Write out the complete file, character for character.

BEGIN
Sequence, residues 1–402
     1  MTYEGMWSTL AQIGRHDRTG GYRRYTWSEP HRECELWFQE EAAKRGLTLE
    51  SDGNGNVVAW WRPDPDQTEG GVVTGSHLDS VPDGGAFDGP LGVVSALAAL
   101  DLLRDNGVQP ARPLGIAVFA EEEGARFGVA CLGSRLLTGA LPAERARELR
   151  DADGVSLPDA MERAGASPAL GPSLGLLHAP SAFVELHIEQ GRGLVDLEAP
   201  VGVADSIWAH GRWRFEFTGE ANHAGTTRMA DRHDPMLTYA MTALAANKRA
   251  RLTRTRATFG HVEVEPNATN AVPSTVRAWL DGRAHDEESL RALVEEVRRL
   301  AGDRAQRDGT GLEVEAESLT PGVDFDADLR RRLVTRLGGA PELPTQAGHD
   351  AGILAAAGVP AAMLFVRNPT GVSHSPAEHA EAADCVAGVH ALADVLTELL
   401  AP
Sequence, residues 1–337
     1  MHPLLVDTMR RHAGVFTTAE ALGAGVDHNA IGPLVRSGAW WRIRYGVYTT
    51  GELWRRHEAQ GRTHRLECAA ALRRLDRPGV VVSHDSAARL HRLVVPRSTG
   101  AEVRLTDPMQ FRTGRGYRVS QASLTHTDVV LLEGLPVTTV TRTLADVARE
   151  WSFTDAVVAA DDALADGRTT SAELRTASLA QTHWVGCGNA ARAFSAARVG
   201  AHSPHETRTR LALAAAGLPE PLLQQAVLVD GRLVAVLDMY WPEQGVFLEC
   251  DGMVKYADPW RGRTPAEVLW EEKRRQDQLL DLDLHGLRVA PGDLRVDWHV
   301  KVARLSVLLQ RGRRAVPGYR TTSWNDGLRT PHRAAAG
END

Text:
Sequence, residues 1–402
     1  MTYEGMWSTL AQIGRHDRTG GYRRYTWSEP HRECELWFQE EAAKRGLTLE
    51  SDGNGNVVAW WRPDPDQTEG GVVTGSHLDS VPDGGAFDGP LGVVSALAAL
   101  DLLRDNGVQP ARPLGIAVFA EEEGARFGVA CLGSRLLTGA LPAERARELR
   151  DADGVSLPDA MERAGASPAL GPSLGLLHAP SAFVELHIEQ GRGLVDLEAP
   201  VGVADSIWAH GRWRFEFTGE ANHAGTTRMA DRHDPMLTYA MTALAANKRA
   251  RLTRTRATFG HVEVEPNATN AVPSTVRAWL DGRAHDEESL RALVEEVRRL
   301  AGDRAQRDGT GLEVEAESLT PGVDFDADLR RRLVTRLGGA PELPTQAGHD
   351  AGILAAAGVP AAMLFVRNPT GVSHSPAEHA EAADCVAGVH ALADVLTELL
   401  AP
Sequence, residues 1–337
     1  MHPLLVDTMR RHAGVFTTAE ALGAGVDHNA IGPLVRSGAW WRIRYGVYTT
    51  GELWRRHEAQ GRTHRLECAA ALRRLDRPGV VVSHDSAARL HRLVVPRSTG
   101  AEVRLTDPMQ FRTGRGYRVS QASLTHTDVV LLEGLPVTTV TRTLADVARE
   151  WSFTDAVVAA DDALADGRTT SAELRTASLA QTHWVGCGNA ARAFSAARVG
   201  AHSPHETRTR LALAAAGLPE PLLQQAVLVD GRLVAVLDMY WPEQGVFLEC
   251  DGMVKYADPW RGRTPAEVLW EEKRRQDQLL DLDLHGLRVA PGDLRVDWHV
   301  KVARLSVLLQ RGRRAVPGYR TTSWNDGLRT PHRAAAG